The End of Term 3 is fast approaching, and I am still stitching ….

During these last few months I have been progressing through the third and final term of my First Year on the Future Tutors Course, and what a strange and interesting learning experience this term it has been!

All Tuition across the entire term has been delivered either digitally/online. The way the RSN tutors have adapted their delivery and supported our learning has been brilliant. By undertaking full day Zoom sessions using two devices to log in, with one focused on your face and one on your work piece, along with additional companion images shared in a closed WhatsApp group, we generally have managed to approximate the classroom experience. The only real negative for me was finding out midway through the term that my phone battery could no longer hold a charge, and then suffering through nearly 3 weeks of no phone as I had to courier it off to a distant repair shop to get the battery replaced. I quickly came to realise how much I depend on these electronic devices.

Alongside the usual Art and Design classes this term, the principle embroidery techniques that I am studying are Botanical Silkshading and Mixed Whitework .

Botanical Silkshading

For the Silkshading subject I choose a Waterlily blossom (see last post) as my source image, and a rich blue Silk Dupion as my ground fabric. We also needed to include some stem and a leaf with a turnover in the final design, however as Waterlily leaves can be really big I ended up including only a partial leaf rather than the whole thing in my composition. Stitching this Waterlily has proven to be challenging as the particular flower I am stitching has some turnover element within most petals, as well as the very obvious larger turnover on the partial leaf.

Partial Waterlily leaf with turnover

I have not yet completed this piece though it is well underway, and once finished this piece will still need to be hard mounted in the traditional RSN style.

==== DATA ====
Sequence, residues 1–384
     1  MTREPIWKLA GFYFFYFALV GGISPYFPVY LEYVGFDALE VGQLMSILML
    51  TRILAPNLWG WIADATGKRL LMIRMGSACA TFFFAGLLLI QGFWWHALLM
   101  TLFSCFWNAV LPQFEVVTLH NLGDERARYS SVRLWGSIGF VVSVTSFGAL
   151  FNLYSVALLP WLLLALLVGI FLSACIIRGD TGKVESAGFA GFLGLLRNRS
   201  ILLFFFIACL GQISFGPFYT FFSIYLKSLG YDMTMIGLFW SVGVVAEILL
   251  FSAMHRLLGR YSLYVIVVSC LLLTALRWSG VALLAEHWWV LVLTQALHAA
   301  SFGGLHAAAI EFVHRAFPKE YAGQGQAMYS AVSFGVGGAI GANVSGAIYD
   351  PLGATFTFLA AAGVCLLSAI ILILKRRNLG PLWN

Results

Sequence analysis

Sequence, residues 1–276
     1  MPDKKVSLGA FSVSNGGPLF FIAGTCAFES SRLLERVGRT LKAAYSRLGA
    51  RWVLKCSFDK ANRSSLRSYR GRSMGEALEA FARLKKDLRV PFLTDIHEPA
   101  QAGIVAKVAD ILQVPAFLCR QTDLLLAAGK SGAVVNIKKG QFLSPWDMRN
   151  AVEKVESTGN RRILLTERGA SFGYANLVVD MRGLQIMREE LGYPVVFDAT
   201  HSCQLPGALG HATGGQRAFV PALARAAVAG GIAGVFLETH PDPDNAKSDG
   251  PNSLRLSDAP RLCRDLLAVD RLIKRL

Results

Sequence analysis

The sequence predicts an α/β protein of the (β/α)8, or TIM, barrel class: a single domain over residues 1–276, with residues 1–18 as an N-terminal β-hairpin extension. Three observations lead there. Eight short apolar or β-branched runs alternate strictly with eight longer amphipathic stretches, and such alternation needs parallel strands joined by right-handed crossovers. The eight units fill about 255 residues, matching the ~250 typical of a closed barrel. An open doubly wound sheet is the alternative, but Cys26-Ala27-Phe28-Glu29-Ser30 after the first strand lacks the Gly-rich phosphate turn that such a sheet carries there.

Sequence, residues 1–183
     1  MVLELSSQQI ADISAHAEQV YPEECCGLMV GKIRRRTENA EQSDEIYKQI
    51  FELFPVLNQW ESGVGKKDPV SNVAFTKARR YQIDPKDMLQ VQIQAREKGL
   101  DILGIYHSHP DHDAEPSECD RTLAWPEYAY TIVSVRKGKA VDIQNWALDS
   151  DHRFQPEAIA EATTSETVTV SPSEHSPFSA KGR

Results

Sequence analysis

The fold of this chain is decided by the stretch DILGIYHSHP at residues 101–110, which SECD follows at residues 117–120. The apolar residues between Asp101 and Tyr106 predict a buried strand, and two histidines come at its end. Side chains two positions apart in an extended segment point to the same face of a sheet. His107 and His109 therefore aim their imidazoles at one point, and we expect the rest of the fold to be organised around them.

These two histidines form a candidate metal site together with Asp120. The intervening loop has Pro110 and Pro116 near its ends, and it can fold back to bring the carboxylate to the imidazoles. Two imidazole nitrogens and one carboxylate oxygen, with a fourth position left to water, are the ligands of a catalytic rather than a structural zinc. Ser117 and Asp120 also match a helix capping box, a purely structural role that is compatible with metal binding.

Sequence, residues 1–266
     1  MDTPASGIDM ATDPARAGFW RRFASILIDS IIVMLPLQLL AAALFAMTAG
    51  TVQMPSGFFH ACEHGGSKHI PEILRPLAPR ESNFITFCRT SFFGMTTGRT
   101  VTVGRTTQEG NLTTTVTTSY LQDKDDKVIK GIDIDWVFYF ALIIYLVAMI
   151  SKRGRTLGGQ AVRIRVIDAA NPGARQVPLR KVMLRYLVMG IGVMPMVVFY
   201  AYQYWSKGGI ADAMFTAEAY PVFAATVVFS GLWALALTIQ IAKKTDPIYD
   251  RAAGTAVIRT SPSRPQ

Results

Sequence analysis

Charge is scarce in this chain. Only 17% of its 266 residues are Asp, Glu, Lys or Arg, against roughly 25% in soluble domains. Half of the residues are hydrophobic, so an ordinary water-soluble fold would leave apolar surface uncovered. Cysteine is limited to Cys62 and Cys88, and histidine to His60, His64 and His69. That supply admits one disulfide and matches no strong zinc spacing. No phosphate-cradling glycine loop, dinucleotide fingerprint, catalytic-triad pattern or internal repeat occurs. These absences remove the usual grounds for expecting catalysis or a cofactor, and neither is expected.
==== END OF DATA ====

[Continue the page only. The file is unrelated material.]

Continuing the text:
Whitework

The Mixed Whitework classes have covered a wide range of whitework techniques such as Shadow Work, Broderie Anglaise, Richelieu, Pulled patterns and Drawn Thread embroidery. There are actually 3 distinct pieces of combined embroidered works to be handed in for this subject and each of these is worked on the different type of ground fabric. Alternating across each of these techniques has proven to be challenging as sometimes you just need to push ahead with embroidering on the one piece – once you have got the tension just right.

As I was developing the design for the mixed ‘Pulled and Drawn Thread’ piece I kept thinking about where I was being pulled and drawn to during the lockdown, and as a result I decided to try to design this piece look like an antique map of Australia. While the piece is still in progress I am happy how it is coming along so far, though I still have a lot of additional Drawn Thread work to do.

Pulled and Drawn to Australia
in Pulled Thread work on linen

Like so many others I find myself suffering a little from Lockdown Lassitude so everything I am sampling or embroidering seems to be taking longer to complete than I had expected.

So for now the stitching journey continues and thankfully the lockdown is easing a little, and the days are getting longer and warmer as Summer is on the way.

Happy stitching and stay safe.

By Sally

Passionate embroiderer who loves to learn and pass on fine hand embroidery skills.

1 comment

  1. Thanks for sharing, Sally. It’s good to hear that your studies were able to continue on throughout these strange times! Your Australia piece looks lovely, I look forward to seeing it completed. I think all of us are a little out of sink with all that is going on, and probably will be for a while yet. Good luck with the rest of your studies this year.

    Liked by 2 people

Comments are closed.